Unit of Study Conference – Klansek

Units of Study Conference – May 1, 2017

Attended with Lori Billman and Aileen Hower

Key take-aways

  1. Workshop should be about growing writers, not fixing pieces
  2. Crystal-clear vision for building
  3. Kids only get one chance at each grade – success should not depend on luck of draw on which teacher they get. Gaps make the instruction that much harder the next year.
  4. Important to build teacher-confidence with writing
  5. Units of Study allow teachers to start planning at a higher level because of resources
  6. Importance of Goal-oriented Collaborative planning – What are the non-negotiables?
  7. Our kids need to write more to become better writers
  8. If we value reflection and growth with our kids, shouldn’t we be willing to expect the same or ourselves?

Valuing writing

  • Writing should be visible in all areas of building
  • Writing Culture within the school
    • Need crystal clear vision
    • Must study student work
  • Democratize teacher knowledge

Peer Walk-throughs

  • Not evaluative
  • Creates community and collaboration
  • Lens of reflection
  • Next steps to move school forward
  • Follow “I Notice/I wonder” format

Workshop Structure

  1. 10-12 minute mini-lesson
    • Connection (Why?)
    • Teaching (Demonstrate, Apply skill to teacher’s writing, Name steps)
    • Active engagement (Students try it or they Analyze and Name steps)
    • Link (When)
    • Must leave mini-lesson with a writing plan
  2. 20-25 minutes independent work (conference and small group instruction)
  3. Should have a couple pieces going at once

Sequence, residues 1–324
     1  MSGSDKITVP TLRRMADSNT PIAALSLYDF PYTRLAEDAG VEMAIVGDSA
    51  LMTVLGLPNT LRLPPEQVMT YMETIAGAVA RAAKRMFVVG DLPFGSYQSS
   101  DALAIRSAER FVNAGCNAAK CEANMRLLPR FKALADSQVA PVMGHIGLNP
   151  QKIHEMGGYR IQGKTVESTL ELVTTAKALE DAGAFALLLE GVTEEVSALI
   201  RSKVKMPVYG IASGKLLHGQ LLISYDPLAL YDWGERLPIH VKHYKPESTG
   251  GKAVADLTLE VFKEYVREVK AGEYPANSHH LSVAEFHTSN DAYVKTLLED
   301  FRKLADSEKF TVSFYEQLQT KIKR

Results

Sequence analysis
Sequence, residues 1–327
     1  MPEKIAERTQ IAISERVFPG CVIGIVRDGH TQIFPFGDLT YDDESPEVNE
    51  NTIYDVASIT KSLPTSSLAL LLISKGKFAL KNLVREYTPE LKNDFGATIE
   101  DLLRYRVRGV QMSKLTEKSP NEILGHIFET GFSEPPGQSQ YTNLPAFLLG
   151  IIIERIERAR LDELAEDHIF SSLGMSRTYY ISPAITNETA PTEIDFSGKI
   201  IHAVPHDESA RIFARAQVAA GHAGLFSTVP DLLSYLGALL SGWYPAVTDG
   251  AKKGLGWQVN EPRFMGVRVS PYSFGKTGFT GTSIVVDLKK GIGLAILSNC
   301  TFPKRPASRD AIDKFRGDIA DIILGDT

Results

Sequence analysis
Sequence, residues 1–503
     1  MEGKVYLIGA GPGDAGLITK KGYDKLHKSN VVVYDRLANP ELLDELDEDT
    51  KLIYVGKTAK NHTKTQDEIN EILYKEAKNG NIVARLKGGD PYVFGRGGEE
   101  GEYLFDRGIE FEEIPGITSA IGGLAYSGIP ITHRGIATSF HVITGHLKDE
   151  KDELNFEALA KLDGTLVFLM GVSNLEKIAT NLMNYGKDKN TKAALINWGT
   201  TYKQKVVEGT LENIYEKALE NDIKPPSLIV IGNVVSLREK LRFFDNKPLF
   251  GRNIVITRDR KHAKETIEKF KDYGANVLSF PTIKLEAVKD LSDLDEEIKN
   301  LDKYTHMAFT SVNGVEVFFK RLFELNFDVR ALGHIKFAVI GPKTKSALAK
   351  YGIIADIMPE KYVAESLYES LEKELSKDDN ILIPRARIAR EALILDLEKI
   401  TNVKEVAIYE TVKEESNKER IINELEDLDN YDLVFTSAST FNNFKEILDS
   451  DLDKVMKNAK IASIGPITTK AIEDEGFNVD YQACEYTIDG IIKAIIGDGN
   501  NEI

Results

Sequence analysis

4. Partner share last 10 minutes
  5. Sentence starters can help with structure
  6. Be explicit “Today, I want to teach you . . .” Want to impart skill, not just talk
  7. Working for approximation, not mastery when students try skill – coaching comes in conferring
  8. Avoid calling on students during mini-lesson

Mini-lesson Structure – Should be primary focus at first

  • Clear, explicit teaching point (4-5 repetitions)
  • Keep it “mini”
  • Plan for 5-6 minutes and will end up being 8-10

On-Demand writings beginning and end of units

  • Checklists for student self-assessment (Normed and work to grow student who can be successful at AP/SAT/Collegiate level)
  • Limit use of rubrics – “Light touch” – more about driving instruction than assessing
  • Feedback more important than scores – Don’t make it “high stakes”
  • Increase teacher ability to give specific feedback
  • Minimize grading time and maximize feedback time
  • Put control in kids’ hands – need to be able to assess/improve writing independently
  • Can’t be optional
  • “Moral imperative” to determine how kids are growing and where they need help
  • “Thin-slicing” (group writings into 3 categories and closely examine a couple from each group to see overall trends)

Lenses to examine student writing

  • In the genre
  • Focus
  • Structure
  • Elaboration
  • Conventions
  • Volume

Add comment  Tagged:  , June 6, 2017

Shooting Kabul by N.H.Senzai